STADTPLAN von STALINGRAD, City Map of Stalingrad,
Wehrmacht situational map dated 19 October .
Incredible WW2 document.
Measures 35 ¼" x 27 ¼ ". German units involved are
identified and their known positions as of that date are
marked in blue pencil. This map is impressive and the
quality of its printing is in keeping with other tactical
maps we have had, particularly those produced early in the
war. Not inclined to let valuable paper go to waste, the
cartography branch of the German army regularly printed new
maps on the blank reverses of earlier maps. In this case,
the reverse shows a major portion of an earlier map of the
region around the town of Rechitsa (west of Gomel,
Belorussia). The map details each of the units involved,
and their precise positions, including the Soviet front
lines marked in red, as far as German military intelligence
was aware. Of note are the various Panzer regiments
involved in street fighting for which they were not suited.
Some of the bitterest fighting of the entire battle has now
Excellent condition, showing only the normal folds
encountered on military situational maps. There are no
stains or significant tears.
Besides the terse, official reports of the field commanders,
maps such as this (plus larger, strategic maps of the
overall Stalingrad region that were prepared from it) were
the main views of the battle that Hitler and his commanders
studied on a daily basis. On the ground of course, things
were not so neat and tidy as the sweeping arrows seen here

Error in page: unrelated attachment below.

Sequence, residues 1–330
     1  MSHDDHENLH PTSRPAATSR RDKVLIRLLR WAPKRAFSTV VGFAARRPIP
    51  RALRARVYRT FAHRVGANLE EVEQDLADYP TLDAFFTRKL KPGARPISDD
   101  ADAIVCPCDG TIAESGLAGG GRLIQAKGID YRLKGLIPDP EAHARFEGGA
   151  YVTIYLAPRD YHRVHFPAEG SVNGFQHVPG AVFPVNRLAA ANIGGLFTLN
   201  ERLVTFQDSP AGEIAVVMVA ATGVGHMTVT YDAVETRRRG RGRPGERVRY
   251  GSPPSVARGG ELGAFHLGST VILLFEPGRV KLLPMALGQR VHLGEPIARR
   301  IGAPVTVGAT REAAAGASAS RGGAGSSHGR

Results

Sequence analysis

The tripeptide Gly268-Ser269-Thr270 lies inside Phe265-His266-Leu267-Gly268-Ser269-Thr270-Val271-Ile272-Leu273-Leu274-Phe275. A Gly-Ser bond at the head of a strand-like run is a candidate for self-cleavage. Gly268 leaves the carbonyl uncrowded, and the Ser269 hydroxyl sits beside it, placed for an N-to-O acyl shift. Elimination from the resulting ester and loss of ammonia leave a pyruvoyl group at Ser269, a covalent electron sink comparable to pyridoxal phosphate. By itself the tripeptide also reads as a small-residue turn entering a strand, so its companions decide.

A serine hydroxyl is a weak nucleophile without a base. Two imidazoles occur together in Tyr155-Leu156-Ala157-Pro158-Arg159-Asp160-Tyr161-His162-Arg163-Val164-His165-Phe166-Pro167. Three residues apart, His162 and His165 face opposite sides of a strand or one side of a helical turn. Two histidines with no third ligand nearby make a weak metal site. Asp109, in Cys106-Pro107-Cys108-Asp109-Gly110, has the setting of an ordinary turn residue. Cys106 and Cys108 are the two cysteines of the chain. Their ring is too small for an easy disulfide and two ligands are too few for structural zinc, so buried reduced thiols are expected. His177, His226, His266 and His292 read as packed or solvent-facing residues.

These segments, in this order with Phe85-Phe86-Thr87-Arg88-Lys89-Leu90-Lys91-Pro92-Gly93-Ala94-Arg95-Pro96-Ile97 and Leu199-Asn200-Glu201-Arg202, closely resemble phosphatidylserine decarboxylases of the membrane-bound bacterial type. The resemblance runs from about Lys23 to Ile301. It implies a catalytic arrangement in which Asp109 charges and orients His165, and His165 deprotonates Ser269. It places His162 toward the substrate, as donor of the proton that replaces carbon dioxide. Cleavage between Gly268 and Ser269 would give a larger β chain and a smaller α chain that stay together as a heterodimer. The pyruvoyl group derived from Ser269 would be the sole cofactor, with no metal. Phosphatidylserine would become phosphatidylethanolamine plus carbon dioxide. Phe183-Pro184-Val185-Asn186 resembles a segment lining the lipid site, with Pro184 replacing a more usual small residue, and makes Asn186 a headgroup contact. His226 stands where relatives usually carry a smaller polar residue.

would indicate. German General von Paulus, armed with
replacement troops, had renewed the German assault on
Stalingrad three days before, and the city itself had become
an inferno of close quarters armor and infantry fighting
under a nearly constant artillery barrage.
In the previous few days, the Germans had pretty much
completed the capture of the Tractor Factory and effectively
split the Soviet bridgehead in two. The day this map was
drawn up, they were still on the offensive. They had made
inroads into the Barrikady and Krasnyj Oktjabr (Red October)
factories, and pushed the remainder of the Soviet 62nd Army
to the very edge of the Volga. There was another major
effort under way by the 94th Infantry Division assisted by
elements of the 16th Panzer Division to the north, marked by
a blue arrow pointing toward Spartakowka.
Winter was seriously closing in, however, and the Wehrmacht
was losing momentum - a fact probably not immediately
apparent to the soldiers in the Red Army. It is worth
noting that two days earlier, on 17 October, the Soviet
Commander Gorokhov asked General Chuikov for permission to
abandon the west bank of the Volga for Sporny Island in the
middle of the river - and was told by Chuikov that he would
be treated as a deserter if he tried to leave the city.
With hindsight, what see here is not a German Army about to
seize victory but an army poised on the brink of disaster -
a disaster that would end any possibility of a Thousand Year
Reich. Considering Stalingrad was the point of no return
for the Third Reich, and the most costly battle in human
history, the historical significance and research potential
of this map is clear.